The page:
This is an excerpt from Massad Ayoob's article "Three Classy Custom Classics" that appeared in the 1999 The Complete Book of Handguns by Massad Ayoob.
The last story I did on "classy custom classics" hit uniformly positive chords in the many readers who responded. Thus, it was only natural to say, 'We ought to do that again!"
"Classy custom classics." Let's pick through all that alliteration. It's classic if it was so good it became famous, the standard by which its type was subsequently judged. We can safely say that's true of these three candidates.
It's classy if it's finely made. Quality is the operative term. Obviously, it has to work. But that's just the baseline. It has to work with style, with panache, with the craftsmanship that bespeaks absolute excellence above and beyond the call of duty. The three candidates for this year pass that standard, too.
Finally, it's custom if to create that zenith of excellence, there had to be perfect handwork on top of perfect machinework. A human touch. A sense that whoever put the handgun together not only knew exactly what it was for, but how to make it do its job the best that job could be done. We hope you'll agree that in this, too, these three fine handguns make that lofty grade at the very top of the curve.
Dane Burns Custom "Ladies' 1911"
Nobody needs to explain that the 1911 pistol is classic. Nobody needs to explain that the fine machining of Jericho, as done on key 1911 parts for Wilson Custom and Kimber and others, is classy. Their work is top shelf, rivaling the fine output of Les Baer, ParaOrdnance, and the newest Colt stuff. The "custom" in this gun comes from Dane Burns, who built this particular gun for those with small hands. He had the female shooter in mind, but as we shall see, men can benefit from this technology, too.
The first such gun I saw was way back in the early '80s. Mike Plaxco had built it for Sally Sayle, the lovely wife of the ace shooter who later became a force in directing IPSC. The frame had been trimmed, slim grips had been affixed, and, of course, a short-reach trigger had been installed. Mike Plaxco has been out of the pistolsmithing business for some time, doing a great job as an ambassador for Smith & Wesson. The Gunsite Gunsmithy picked up on the concept, and has made a bunch of slimline .45 autos, not just for women. Men have been ordering them ever since Jeff Cooper decreed that the slimline design was more advantageous to the male hand as well. Enter Burns, a big guy who carries a full-size 1911 he built for himself in caliber 9X23 Winchester. In his eye, the slimline 1911 made more sense for petite females than for anyone else, and he designed the gun accordingly. Wilson parts were used exclusively except for the BarSto barrel, which Burns warrants for 1.5-inch groups at 25 yards. There is no spring guide rod, which makes the gun easier to take down and reassemble with small hands. Dane shaves down the gripframe, reshapes the trigger guard for high-hand grasp, and likewise installs a high-hand position beavertail. He knows slender arms need the lowest bore axis they can get to gain optimum control of recoil in accurate, rapid defensive firing with powerful ammunition.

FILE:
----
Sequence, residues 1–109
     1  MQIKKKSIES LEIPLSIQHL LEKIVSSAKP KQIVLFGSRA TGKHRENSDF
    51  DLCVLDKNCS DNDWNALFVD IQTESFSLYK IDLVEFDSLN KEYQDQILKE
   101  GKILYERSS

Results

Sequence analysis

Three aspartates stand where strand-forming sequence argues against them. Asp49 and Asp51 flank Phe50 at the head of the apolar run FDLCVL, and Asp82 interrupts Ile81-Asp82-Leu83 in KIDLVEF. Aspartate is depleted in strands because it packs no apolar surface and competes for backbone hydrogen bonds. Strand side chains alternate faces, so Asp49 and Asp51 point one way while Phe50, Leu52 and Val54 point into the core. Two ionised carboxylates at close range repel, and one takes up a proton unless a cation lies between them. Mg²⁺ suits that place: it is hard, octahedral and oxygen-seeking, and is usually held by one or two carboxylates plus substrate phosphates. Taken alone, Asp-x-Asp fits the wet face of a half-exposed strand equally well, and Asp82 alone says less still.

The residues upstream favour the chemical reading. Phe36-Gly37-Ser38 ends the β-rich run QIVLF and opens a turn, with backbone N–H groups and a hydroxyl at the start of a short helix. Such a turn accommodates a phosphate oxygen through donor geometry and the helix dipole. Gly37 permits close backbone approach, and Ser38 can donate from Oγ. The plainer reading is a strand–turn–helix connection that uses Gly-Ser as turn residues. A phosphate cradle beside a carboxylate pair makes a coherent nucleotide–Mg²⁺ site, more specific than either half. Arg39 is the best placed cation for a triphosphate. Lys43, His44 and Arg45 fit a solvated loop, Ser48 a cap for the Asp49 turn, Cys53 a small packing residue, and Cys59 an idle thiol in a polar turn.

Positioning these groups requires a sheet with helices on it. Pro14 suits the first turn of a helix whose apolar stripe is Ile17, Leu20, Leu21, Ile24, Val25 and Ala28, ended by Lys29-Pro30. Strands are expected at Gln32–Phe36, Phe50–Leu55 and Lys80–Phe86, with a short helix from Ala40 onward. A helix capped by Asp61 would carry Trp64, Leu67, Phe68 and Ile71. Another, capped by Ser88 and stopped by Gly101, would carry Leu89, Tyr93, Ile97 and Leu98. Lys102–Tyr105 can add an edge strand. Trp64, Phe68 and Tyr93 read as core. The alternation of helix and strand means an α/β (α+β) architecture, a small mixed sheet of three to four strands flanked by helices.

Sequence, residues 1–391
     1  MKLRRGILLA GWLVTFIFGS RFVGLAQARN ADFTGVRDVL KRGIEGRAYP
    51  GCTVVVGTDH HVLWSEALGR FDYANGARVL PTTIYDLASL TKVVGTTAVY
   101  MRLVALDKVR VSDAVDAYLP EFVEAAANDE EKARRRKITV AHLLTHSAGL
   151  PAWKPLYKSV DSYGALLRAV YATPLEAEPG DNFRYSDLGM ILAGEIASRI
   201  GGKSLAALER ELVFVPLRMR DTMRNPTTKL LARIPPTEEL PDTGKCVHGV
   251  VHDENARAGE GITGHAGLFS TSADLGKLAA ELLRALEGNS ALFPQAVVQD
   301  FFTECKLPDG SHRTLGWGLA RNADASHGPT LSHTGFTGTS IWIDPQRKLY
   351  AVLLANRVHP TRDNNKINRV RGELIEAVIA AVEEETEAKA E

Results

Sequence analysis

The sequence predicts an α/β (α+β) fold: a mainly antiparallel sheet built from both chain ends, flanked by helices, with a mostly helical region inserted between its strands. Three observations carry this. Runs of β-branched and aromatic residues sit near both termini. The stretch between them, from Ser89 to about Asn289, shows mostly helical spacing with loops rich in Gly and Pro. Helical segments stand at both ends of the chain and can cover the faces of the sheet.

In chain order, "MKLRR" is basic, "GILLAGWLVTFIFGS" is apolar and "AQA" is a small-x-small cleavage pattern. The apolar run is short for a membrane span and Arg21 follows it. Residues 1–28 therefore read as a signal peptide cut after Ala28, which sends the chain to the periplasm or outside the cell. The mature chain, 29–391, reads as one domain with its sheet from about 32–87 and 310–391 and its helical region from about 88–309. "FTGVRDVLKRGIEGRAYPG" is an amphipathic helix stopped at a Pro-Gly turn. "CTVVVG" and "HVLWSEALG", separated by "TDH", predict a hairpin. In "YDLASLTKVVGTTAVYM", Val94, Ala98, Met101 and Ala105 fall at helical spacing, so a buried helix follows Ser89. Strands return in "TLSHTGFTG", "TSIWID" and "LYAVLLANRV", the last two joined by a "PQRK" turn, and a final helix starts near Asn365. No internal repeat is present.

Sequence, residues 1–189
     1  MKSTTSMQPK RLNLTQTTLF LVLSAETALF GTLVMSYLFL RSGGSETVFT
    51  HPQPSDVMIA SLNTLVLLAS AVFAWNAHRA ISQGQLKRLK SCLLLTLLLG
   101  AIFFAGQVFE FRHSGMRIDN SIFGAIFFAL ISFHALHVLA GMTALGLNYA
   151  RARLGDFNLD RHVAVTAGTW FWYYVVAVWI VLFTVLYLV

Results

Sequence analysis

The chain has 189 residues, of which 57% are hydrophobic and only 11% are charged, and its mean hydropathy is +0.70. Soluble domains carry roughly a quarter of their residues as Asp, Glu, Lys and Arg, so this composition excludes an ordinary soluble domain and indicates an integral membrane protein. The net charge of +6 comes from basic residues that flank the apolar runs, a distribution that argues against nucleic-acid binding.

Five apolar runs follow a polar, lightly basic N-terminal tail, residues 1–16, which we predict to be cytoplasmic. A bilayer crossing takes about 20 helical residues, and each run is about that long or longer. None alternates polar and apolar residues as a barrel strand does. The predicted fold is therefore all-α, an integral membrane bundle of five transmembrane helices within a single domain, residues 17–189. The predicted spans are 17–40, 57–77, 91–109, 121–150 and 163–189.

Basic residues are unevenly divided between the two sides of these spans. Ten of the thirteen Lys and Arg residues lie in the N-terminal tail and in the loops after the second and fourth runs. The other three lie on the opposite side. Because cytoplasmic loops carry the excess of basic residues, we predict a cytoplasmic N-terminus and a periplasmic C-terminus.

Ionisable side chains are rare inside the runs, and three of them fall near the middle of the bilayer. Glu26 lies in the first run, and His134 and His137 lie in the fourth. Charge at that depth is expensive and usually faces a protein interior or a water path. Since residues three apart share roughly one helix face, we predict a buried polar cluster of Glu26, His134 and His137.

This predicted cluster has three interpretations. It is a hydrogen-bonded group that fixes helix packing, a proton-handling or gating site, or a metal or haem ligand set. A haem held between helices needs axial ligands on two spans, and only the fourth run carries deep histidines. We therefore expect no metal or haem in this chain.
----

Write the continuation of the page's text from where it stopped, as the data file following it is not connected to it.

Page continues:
Dane installed the shortest trigger Videcki makes, and adjusted it to a 4.25 pound pull, per my recommendation. It's easy to shoot fast and straight, but less likely to go off by accident or to allow a ruthless opposing lawyer to falsely claim that it did.
The big mag well makes speedloading easy. Dane installed Wilson's new adjustable sight, "buried" low in the slide. The front post holds one of Bill's "Night Eyes" tritium inserts. The rear, Wilson's copy of the BoMar, is the first of the many such copies I've seen that is actually an improvement over the original design. The rear face is removable. You can have the black target-shooting rear sight, or you can have the Night Eyes insert with the two glowing green dots. The edges have been rounded for comfortable, snag-free carry in a concealment holster.
Dane had built the gun for women. Fortunately, there were several ladies in LFI classes who were willing to test-drive the pistol.
Gila May-Hayes has won open matches against men with 1911s. "I like the feel of this gun," she said. "it fits my hand just right."
Peggy Jo Nulsen defies the "little and weak" stereotype of women. Little, yes. Weak, no. She works in the emergency medical service, and she has seen man's inhumanity to man-and to woman-which is why she carries a gun,. "I love this pistol," she said. She proved it at seven yards putting every 230-grain ball round from the Burns/Wilson .45 into a pleasingly tight group. "The checkering is a little too sharp, though."